This is the end of our series on the type of business you can own.
The middle market is defined as businesses that employ more than 25 employees and have sales of $5,000,000 or more. These are only about 300,000 businesses out of a total business universe of 28 million. This means way less than 1% ever make it to this level.
There’s a reason for this: Running a middle market company is much more complicated than running one with just a few employees. No longer are you involved in every decision. You will have had to develop a method for managing people who are managing others. You will have had to put real systems in your company.
The most important thing is developing systems.
If you don’t have good systems you just won’t be able to join the middle market. The business becomes much too complicated for you to “shoot from the hip.” You aren’t going to be around to look over everyones’ shoulders. Your employees are going to have to know what to do when you’re not there.
In my experience this is what keeps so many business owners who are traditional small businesses from making the leap to the next level. Traditional small business owners have a hard time letting go. They don’t want to have their employees move to the next level because they might make a mistake.
You have to allow others to make mistakes to join the middle market.
Owners of companies who have joined the middle market must learn that mistakes happen. Owners have to admit that not only do owners make mistakes, but everyone makes mistakes. If you must “punish” people who make mistakes you will never make the leap.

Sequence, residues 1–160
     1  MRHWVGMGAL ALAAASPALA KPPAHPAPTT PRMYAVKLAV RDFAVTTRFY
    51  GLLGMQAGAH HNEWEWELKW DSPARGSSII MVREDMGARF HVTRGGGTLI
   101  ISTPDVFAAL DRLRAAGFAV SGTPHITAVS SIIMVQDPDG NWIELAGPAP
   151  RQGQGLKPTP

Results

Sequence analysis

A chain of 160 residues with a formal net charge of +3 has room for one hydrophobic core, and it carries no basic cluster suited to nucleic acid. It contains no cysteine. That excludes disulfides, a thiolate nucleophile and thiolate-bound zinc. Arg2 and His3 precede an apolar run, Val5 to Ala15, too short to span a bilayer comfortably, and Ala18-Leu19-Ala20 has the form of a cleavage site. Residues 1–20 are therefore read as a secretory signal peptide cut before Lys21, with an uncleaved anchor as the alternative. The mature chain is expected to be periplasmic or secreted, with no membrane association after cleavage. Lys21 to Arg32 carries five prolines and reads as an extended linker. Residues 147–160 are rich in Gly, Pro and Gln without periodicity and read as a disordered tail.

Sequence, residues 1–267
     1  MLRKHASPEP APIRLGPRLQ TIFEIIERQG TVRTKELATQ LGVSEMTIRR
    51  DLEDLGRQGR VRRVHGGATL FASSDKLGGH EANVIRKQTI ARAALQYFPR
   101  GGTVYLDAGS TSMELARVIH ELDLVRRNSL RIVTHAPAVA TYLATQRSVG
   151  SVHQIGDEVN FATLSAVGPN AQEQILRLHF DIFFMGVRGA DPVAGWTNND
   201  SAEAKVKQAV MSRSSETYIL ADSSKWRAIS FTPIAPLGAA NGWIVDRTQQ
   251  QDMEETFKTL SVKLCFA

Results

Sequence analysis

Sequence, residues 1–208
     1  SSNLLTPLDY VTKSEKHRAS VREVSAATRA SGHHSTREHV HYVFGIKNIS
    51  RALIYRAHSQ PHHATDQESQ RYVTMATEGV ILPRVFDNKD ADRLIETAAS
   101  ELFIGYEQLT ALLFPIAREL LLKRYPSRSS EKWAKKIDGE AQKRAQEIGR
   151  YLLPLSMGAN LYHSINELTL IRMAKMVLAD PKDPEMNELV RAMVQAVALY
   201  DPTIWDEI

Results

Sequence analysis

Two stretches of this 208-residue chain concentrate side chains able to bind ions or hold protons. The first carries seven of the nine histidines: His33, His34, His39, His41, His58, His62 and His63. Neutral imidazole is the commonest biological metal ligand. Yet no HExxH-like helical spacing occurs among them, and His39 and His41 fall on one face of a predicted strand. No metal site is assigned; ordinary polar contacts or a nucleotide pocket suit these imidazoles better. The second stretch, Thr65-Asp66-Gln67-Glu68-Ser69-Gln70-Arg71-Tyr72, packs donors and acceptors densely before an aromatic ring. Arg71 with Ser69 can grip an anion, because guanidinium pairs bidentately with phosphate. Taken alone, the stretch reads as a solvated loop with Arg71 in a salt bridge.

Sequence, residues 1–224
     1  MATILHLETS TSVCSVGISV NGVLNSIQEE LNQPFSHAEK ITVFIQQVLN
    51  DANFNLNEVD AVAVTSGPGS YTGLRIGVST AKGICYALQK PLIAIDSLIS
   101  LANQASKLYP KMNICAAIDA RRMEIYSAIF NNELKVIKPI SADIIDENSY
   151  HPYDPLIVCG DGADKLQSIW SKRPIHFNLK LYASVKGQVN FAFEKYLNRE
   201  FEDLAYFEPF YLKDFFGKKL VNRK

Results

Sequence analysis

Middle market companies all have managers who manage areas. The bigger the company, the more complicated the management structure becomes. You want to limit mistakes and you want people to learn from mistakes. This again goes back to developing systems. If you haven’t systematized delivering great service you can’t make this jump.
You have to make enough money to join the middle market.
Too many companies in this country don’t make enough money to grow. Unless you find a way to have profits that are significant for your traditional small business you likely aren’t going to have the capital to grow.
It’s nice to think that your bank will fund your growth, but the truth is most banks will only fund part of your growth. A significant portion is going to have to come from internally generated profits. Traditional small businesses that take the next step make enough money to afford to take the next step. If you want to make the leap you have to ask yourself whether your profits will allow you to do so.
You have to learn that your business is not based on your personality.
Lots of smaller businesses are based on the personalities of the owner. When you first started you were involved in every decision and probably knew every customer on a first name basis.
As you grow you have to give up this familiarity with all of your customers. You will have to convert your customers’ loyalty from you to your company. If you don’t do this, your business is likely not going to be able to grow.
You’ll need to develop a value proposition that is not based on your personality. You’ll have to make sure that it’s no one’s personality but what the business does for customers that matters. If you do this, you might have set the table for moving your business to the next level.
In my opinion, having a lower middle market business is just a blast. You get to focus on what you do best and if you’re successful you’ll start to develop a business with real enterprise value. If this is something you’re interested in, developing this type of business just might be for you.
The biggest change you’ll have to make to develop a lower middle market company is to become the General Manager of your company. I’ve written a special report that talks about the four roles a private business owner plays in their company. This might help you think about what you do in your business today and what you need to do in the future. To get this report, click on the button below.